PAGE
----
rector Mankiewicz, the story embodies the most elemental human emotions. “It’s a classic conflict about home, money and children,” said the Montreal-based film-maker, who has assembled a stellar, all-Canadian cast for the production, including Welsh, Kate Nelligan as JoAnn and R. H. Thomson as Thatcher’s lawyer, Gerald Allbright. “We all know families
tom apart by the emotional violence of divorce,” said the director. “But this one went to incredible extremes. Something broke there.” People in Saskatchewan became intimately acquainted with the Thatchers’ ruptured lives
between 1979 and 1983. During that period, Colin— the son of the province’s former Liberal premier, Ross Thatcher—and his Iowaborn wife, JoAnn, separated and divorced. Their breakup led to a bitter and highly public custody battle over two of their three children, as well as a dispute about a financial
Those conflicts ended on Jan. 21, 1983, with the bludgeoning and shooting death of JoAnn at the house she
shared with her second husband, Anthony Wilson. The large, stucco dwelling was across the street from the Regina Legislative Building where Thatcher had served as the MLA for the Thunder Creek riding since 1975, first as a Liberal, then as a Conservative. “The Thatcher family was very powerful here; everybody knew them,” said George Young, who conducted a 45-minute interview with the incarcerated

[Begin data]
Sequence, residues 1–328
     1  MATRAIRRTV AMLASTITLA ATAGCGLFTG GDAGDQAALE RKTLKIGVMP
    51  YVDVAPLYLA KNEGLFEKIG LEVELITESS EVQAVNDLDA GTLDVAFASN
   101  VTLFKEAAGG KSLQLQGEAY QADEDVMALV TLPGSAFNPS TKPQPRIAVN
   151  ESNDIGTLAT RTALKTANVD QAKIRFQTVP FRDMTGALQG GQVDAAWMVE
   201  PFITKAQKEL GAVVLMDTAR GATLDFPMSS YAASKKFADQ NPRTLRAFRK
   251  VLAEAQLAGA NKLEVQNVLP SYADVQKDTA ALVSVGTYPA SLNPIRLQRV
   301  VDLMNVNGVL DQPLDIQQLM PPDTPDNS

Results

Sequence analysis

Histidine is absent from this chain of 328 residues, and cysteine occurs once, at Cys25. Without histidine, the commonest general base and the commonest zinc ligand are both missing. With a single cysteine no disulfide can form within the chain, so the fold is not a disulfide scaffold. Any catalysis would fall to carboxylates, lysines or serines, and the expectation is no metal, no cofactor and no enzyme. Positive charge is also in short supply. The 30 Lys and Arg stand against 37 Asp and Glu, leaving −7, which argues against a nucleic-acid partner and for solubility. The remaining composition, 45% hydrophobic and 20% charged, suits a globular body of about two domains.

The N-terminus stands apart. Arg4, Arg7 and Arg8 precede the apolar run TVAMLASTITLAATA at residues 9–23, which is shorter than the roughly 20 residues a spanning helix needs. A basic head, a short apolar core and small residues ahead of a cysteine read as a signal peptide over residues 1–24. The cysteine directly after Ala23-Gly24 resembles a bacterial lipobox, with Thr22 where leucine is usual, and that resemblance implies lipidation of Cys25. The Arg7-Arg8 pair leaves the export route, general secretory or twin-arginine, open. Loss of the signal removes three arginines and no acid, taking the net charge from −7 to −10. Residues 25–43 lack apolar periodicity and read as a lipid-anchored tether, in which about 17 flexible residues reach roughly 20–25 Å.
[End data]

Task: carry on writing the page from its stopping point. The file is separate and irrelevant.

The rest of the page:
Thatcher that was aired on Regina’s CKCK radio station in mid-May. “You could put Colin in a fortress on Baffin Island and he’d still be news.”
Thatcher himself, currently serving a 25year sentence without parole in the Edmonton Institution, was an almost tangible presence on the film set. Local people were still buzzing about the CKCK interview—in which Thatcher reiterated his innocence and called for a new trial—when the actors arrived on June 8 for two weeks of on-location shooting. Later, when